The National School Transportation Association has urged the South Carolina to consider contracting out its student transportation as an alternative to replacing the state’s aging fleet of school buses.
NSTA recommended the state seek outside contractors to offset costs since a potential partnership with school bus companies could provide an immediate influx of new vehicles, potentially saving taxpayers millions of dollars.
Earlier this month, South Carolina Superintendent of Education Molly Spearman requested funding to replace more than half of the school buses in the state’s fleet, which is the oldest in the nation. The Palmetto State has owned and operated its fleet since the 1950s.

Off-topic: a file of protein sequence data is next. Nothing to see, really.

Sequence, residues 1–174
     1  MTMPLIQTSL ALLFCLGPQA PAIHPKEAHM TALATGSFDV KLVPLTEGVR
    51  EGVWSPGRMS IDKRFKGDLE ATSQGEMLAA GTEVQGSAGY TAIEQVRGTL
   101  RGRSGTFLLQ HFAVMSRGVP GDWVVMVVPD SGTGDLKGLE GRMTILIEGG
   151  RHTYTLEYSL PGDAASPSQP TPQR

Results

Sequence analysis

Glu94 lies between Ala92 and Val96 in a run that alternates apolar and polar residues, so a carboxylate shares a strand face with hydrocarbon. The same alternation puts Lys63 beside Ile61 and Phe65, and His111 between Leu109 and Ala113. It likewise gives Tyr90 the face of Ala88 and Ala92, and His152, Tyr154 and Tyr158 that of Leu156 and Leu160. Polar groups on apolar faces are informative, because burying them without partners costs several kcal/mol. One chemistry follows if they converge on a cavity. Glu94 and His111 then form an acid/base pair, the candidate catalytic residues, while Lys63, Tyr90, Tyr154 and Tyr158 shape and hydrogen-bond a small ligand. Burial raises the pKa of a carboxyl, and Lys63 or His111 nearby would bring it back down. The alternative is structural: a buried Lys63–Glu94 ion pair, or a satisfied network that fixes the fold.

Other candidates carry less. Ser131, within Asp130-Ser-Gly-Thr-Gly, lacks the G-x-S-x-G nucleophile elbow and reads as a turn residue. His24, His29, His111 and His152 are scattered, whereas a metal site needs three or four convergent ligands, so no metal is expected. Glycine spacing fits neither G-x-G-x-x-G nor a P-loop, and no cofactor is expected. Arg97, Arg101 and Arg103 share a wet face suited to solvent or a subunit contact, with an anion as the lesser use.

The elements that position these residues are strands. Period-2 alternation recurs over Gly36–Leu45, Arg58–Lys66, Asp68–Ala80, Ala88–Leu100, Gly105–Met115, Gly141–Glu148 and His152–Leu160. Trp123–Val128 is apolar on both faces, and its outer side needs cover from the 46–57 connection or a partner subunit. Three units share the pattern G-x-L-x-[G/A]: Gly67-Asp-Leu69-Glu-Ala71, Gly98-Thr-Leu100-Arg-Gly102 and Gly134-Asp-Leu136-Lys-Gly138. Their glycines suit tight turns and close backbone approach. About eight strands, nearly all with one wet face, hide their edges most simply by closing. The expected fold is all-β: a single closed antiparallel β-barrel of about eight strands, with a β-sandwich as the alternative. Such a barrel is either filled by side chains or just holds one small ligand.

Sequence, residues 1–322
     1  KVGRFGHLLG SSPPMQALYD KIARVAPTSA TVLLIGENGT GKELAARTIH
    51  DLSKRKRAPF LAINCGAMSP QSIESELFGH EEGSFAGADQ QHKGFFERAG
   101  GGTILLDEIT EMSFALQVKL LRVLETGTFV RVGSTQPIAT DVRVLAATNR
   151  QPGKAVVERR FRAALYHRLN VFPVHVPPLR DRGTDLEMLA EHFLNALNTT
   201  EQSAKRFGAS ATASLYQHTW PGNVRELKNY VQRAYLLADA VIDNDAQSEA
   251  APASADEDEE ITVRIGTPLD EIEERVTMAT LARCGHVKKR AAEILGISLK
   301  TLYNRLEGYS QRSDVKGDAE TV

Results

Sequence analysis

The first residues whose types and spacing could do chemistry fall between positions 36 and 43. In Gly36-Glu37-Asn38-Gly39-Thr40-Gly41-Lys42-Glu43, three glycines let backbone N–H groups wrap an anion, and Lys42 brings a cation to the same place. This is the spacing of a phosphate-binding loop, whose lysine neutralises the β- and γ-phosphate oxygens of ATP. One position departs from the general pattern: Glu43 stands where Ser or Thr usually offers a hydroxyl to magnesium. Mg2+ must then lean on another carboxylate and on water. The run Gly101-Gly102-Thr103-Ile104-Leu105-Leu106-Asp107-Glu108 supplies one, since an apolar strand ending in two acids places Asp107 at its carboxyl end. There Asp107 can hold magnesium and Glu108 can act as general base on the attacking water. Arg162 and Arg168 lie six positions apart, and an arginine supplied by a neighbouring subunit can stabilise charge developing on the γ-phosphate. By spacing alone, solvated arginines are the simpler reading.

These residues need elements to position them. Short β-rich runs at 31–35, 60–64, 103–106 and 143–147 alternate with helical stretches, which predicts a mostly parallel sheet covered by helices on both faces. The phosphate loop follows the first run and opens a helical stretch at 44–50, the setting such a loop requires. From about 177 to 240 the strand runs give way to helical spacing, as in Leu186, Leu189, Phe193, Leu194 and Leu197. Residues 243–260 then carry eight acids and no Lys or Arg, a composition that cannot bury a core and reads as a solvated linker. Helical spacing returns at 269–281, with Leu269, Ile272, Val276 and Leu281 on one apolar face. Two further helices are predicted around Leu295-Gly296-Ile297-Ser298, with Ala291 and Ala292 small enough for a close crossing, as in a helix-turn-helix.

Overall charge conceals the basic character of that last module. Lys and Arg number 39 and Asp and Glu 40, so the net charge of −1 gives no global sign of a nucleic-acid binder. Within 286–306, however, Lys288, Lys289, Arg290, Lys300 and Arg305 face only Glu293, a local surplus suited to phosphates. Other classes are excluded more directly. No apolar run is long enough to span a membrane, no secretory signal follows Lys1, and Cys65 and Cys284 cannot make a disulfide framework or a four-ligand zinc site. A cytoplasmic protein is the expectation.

Officials reported that the maintenance prices of these buses—many of them with manufacture dates that span nearly 30 years—has skyrocketed: It costs the state roughly twice as much to operate these outmoded buses than running modern ones.
Spearman recently outlined her plan to ask the state legislature for $95 million to buy 1,000 new school buses, along with an additional $9.5 million annual increase for school bus purchasing, maintenance and employee salaries.
She has also worked with state Treasurer Curtis Loftis and the general assembly to establish the first lease-to-purchase program for school buses, which Spearman is currently push for through advocacy and eventual utilization.
There has been no confirmation whether South Carolina will consider NSTA’s recommendation to contract out for its school bus.
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